War of the words

IssueJune 2011
Comment by Jeff Cloves
PHOTO: Fred Chance

I was going to belatedly write about the London demo against cuts but have been waylaid by a novel written by HG Wells in 1913. The World Set Free is one of his prophetic screeds in which – by the 1970s – everything is produced, manufactured, and propelled by nuclear power. In his preface to the 1921 edition, he claimed, with uncharacteristic modesty, “the misses in the story far outnumber the hits”. I found his novel unreadable but his preface had this to say about his central prophecy:

“Because of the development of scientific knowledge, separate sovereign states and separate sovereign empires are no longer possible in the world... the remaining interest of this book now is the sustained validity of this thesis and the discussion of the possible ending of war on the earth. I have supposed a sort of epidemic of sanity to break out among the rulers of states and the leaders of mankind.”

Well, well, Mr Wells: the collapse of capitalism and the arrival of peace on earth must be numbered among your “misses” but you did admit your “dream of highly-educated and highly-favoured leading and ruling men, voluntarily setting themselves to the task of reshaping the world, has thus far remained a dream”.

As I understood this book, before I threw it aside, Wells posits the case for world government and, while not shrinking from its dangers, commits to the notion that nuclear energy will somehow bring this about.

My favourite Wells’ novels are The History of Mr Polly and Wheels of Chance rather than The War of the Worlds and its like. I’ve written here before of Wheels of Chance, and its adept fusion of cycling and feminism avoids universal prophecy.

In his preface to The World Set Free (freed by a world government presumably) he can still write, despite the elitist tone above, “the fact remains that it is in the labour class, and the labour class alone, that any conception of a world rule and a world peace has so far appeared”. I suppose Wells’ labour class was well-represented on the London demo.

I took care, however, to avoid listening to the highly-educated and highly-favoured leading and ruling men telling us what to do and how to do it, from their exalted platform in Hyde Park. By the time I reached the park, the speechifying had ended and the amiable demonstrators were going home. I’ve largely given up on set-piece centralised demos and this was the first one I’d been to since the big Iraq war turn-out. I decided to go because I was so angry at Westminster’s coterie of chancers and shysters – blue, pink, and yellow alike – for promoting the complacent mantra that there is no alternative to the poorest bailing-out the richest.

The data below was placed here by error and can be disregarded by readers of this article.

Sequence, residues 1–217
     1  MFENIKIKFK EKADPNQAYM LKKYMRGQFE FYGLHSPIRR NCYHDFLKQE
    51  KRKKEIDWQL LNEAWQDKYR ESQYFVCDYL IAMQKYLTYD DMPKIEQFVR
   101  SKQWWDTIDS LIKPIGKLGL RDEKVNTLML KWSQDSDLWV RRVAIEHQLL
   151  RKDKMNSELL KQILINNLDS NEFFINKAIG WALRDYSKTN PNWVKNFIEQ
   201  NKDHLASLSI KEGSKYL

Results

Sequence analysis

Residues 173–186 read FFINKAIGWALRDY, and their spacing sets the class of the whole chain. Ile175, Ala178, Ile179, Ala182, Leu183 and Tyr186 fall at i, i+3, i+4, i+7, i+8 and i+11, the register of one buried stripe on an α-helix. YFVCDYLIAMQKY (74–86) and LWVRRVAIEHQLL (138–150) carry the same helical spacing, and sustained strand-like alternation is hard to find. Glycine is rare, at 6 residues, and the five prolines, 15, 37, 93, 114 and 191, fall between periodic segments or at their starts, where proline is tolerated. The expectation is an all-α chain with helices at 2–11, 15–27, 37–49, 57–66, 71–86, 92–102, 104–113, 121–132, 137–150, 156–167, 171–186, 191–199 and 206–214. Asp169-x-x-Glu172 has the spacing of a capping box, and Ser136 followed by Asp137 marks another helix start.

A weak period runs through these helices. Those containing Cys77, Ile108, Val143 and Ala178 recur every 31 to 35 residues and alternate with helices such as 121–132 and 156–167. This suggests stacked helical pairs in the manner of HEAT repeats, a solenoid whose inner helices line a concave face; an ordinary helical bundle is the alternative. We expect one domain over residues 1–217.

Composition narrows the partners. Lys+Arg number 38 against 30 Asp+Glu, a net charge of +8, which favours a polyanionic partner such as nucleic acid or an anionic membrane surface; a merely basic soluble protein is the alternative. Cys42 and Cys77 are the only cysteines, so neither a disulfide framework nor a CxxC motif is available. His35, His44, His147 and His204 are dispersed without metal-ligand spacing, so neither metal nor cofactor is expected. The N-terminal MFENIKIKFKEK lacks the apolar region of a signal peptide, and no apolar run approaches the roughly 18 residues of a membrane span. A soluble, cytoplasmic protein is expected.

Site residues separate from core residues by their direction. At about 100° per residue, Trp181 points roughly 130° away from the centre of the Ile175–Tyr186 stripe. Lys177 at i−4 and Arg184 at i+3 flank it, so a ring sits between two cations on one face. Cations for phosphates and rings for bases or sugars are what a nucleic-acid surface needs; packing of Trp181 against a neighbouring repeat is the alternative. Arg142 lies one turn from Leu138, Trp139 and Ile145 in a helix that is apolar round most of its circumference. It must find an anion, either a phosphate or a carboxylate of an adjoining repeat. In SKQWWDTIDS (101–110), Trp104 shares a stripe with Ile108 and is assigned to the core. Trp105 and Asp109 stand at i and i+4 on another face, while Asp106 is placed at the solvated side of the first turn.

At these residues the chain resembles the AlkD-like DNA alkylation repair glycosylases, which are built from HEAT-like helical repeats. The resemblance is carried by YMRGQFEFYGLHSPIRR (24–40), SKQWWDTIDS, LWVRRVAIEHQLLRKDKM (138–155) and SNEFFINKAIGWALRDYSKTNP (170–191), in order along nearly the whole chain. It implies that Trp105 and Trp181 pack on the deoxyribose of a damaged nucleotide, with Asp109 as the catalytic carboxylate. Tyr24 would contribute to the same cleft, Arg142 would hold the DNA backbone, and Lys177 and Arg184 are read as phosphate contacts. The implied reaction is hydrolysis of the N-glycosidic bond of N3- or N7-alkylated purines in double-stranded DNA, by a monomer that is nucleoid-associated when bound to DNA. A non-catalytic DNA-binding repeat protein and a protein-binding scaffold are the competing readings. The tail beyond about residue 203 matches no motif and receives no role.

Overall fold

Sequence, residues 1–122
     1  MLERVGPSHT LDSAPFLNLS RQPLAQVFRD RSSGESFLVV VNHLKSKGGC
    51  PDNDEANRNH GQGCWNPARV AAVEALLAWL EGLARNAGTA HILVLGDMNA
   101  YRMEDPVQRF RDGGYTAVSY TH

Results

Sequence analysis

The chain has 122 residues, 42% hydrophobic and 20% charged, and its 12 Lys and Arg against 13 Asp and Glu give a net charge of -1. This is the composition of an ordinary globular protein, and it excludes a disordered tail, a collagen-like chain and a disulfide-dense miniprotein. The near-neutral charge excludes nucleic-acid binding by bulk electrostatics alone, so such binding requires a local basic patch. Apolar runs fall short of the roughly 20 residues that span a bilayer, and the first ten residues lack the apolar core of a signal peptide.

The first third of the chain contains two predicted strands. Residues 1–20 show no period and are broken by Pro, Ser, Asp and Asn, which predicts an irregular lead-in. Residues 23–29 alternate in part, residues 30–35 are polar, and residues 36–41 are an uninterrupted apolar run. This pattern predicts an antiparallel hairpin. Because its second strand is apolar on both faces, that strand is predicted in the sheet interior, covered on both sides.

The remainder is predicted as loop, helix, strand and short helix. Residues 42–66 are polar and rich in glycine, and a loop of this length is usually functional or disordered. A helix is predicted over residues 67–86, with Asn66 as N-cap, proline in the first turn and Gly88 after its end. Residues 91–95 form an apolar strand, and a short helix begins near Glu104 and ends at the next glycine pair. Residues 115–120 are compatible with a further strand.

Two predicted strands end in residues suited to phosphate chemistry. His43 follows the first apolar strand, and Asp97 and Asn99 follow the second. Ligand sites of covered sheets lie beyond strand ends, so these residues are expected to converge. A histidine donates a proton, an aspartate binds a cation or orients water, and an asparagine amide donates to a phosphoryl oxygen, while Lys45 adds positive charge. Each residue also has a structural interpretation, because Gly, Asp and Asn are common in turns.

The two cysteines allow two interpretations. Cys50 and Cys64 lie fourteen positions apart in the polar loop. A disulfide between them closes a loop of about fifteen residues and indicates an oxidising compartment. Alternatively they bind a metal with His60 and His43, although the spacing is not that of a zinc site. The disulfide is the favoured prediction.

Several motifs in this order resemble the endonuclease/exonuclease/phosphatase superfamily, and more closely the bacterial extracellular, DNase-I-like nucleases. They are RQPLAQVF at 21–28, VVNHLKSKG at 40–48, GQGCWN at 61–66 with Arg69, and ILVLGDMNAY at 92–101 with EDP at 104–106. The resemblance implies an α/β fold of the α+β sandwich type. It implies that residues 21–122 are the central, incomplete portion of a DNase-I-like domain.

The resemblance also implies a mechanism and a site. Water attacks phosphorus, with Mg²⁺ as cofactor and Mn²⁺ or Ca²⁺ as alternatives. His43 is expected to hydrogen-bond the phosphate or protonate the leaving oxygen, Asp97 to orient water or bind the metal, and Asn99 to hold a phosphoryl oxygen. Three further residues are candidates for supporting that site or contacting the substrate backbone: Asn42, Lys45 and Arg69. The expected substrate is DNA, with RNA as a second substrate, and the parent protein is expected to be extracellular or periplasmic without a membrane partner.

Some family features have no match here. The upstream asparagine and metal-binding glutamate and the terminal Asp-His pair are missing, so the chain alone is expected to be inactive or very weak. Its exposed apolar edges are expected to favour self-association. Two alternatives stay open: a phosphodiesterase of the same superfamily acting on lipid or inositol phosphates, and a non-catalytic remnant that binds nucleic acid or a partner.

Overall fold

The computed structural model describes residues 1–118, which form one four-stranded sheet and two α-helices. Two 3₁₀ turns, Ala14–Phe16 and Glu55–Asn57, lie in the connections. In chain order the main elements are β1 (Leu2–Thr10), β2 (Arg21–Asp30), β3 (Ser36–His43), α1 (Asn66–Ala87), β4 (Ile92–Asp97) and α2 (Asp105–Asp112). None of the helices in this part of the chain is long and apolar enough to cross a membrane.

I thought we should show our anger but our long toothless crocodile was, in the end, literally a stroll in the park; a slow-moving picnic. There was a time in my life when, if nothing else, a demo was an opportunity for joyful reunion but on this occasion I’d only recognised a couple of faces before, to my pleasure, I saw a PN hoarding up ahead in Whitehall. And what do you know – it was staffed by the PN editorial team; still working instead of lazing on a sunny afternoon.

Three coach-loads came up from Stroud and my ambling companion was the photographer Fred Chance. Both of us were vastly entertained by the invention and wit of the banners and placards the demonstrators had made.

I even saw a policeman smile – how young they are these days – and it was very evident that the police presence was low-key and almost in a doze.

When we passed Fortnum’s in Piccadilly I was unaware that the so-called “occupation” was under way. Here, it seems, an altogether different police force bothered itself with arresting people for peacefully entering the chosen shop of the highly-educated and highly-favoured.

Topics: Culture
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